As ash spreads from the unpronounceable Eyjafjallajokull volcano in Iceland, it’s a reminder that we’ve been living in benign times, geologically. The successful spread of the uber primates, Homo sapiens, around the globe has been partly due to luck. For the most part, tsunamis and occasional seismic activity excepted, there haven’t been any catastrophic geological events on a grand scale since we began huddling together in towns, then cities, on our way up to coffee shops.
While I sympathize with travellers caught in the inconvenience of ash, and hope the European economy doesn’t take a big hit, it’s sobering to think that this volcanic eruption was but a little burp in the scale of things.
We’ve had it good for so long, we take the earth for granted. And we hate being inconvenienced. Given the way prejudice works in our species, there are probably some who already blame Icelanders for not managing their geology properly. Soon conspiracy theorists will be planting stories to the effect that this latest burp was the work of Islamic martyrs who cast themselves into the depths to bring ash to the infidels.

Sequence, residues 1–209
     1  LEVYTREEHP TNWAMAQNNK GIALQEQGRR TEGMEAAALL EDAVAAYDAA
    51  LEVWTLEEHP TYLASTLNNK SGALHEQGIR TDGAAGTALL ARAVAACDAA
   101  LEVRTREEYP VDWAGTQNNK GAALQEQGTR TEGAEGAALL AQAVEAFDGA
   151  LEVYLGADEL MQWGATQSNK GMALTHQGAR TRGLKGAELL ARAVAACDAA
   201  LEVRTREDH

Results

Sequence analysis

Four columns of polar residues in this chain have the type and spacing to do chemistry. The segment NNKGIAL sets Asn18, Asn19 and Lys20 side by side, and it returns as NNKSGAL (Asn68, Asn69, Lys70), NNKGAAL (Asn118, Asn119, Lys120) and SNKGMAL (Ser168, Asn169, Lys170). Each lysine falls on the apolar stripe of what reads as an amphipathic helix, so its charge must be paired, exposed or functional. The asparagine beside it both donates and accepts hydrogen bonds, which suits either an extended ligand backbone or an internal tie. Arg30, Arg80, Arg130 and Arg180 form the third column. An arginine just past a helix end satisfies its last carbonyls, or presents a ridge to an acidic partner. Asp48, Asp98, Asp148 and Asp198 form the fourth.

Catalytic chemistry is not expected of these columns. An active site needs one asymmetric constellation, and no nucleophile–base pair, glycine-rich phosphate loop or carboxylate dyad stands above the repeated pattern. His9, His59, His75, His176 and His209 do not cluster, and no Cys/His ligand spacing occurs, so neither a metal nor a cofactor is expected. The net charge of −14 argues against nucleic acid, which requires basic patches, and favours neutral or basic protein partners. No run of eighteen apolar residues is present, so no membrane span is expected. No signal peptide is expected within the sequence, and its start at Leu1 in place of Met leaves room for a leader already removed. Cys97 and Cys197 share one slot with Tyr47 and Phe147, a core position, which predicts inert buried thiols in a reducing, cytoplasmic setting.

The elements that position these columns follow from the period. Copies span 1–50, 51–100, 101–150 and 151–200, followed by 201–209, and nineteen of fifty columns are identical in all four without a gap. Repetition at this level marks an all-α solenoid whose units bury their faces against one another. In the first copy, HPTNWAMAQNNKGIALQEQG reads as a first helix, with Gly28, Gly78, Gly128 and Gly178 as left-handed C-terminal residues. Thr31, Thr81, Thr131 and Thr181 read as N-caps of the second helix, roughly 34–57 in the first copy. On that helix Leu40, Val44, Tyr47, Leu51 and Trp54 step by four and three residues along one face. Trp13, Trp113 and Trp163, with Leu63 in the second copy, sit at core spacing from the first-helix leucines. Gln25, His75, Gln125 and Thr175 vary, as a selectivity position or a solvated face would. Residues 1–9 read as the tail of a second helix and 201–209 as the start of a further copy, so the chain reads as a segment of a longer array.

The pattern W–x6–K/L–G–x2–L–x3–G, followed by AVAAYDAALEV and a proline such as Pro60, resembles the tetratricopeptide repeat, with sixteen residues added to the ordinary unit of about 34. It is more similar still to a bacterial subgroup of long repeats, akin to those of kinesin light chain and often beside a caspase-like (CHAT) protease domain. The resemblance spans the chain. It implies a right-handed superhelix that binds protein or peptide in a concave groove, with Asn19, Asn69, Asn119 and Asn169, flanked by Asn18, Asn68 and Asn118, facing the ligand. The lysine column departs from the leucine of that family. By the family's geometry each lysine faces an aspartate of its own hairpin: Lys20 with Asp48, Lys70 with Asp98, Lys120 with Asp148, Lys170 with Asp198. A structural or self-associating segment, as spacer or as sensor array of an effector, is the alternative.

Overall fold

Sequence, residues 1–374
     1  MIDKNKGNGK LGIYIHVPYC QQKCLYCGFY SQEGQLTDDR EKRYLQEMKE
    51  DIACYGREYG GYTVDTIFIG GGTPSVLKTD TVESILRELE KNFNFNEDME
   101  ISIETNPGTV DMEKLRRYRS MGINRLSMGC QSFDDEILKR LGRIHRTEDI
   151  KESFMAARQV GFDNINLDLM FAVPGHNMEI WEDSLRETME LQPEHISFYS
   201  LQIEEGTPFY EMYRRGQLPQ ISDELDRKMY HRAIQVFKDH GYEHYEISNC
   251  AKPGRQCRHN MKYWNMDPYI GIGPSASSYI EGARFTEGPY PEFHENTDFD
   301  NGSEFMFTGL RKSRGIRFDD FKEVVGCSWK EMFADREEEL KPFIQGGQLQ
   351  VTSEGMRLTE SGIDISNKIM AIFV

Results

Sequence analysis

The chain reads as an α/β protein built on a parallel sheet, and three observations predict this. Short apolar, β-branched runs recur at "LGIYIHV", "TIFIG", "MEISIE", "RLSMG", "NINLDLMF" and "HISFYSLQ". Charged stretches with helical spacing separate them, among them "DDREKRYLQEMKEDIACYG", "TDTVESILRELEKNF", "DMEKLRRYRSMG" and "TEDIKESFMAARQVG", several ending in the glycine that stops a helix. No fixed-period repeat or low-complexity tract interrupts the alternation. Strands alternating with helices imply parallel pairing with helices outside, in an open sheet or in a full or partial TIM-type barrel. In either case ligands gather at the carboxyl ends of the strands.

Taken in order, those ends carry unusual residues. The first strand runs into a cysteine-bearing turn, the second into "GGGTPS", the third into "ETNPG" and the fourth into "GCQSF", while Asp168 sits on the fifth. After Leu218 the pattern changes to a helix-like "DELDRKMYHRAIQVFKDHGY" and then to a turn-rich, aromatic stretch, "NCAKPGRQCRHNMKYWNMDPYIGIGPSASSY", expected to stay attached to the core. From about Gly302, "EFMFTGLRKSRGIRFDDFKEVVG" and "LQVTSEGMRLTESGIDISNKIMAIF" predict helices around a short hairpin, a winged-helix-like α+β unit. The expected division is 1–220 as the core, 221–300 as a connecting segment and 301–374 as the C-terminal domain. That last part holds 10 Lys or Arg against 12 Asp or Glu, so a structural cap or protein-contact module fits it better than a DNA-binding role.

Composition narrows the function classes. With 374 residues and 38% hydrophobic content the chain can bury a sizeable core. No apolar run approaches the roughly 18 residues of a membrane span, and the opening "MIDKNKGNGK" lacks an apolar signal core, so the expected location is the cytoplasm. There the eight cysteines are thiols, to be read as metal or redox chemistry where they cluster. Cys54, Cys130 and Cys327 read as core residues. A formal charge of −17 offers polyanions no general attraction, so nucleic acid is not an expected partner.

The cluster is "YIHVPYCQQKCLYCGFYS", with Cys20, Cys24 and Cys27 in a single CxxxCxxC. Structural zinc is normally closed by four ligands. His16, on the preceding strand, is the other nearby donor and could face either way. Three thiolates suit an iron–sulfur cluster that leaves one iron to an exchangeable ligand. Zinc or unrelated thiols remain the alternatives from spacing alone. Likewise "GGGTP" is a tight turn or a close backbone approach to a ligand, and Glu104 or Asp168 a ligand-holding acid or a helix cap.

It’s worth taking a step back from our busy daily lives to contemplate our fragile place in the scheme of things. We might even think about working out some of our differences so we can share this benign time with each other peacefully and harmoniously. Not likely to happen, but it’s a pretty thought.
So, as we sip our lattes, let us give a little thanks that the earth beneath us isn’t on the move. Not yet.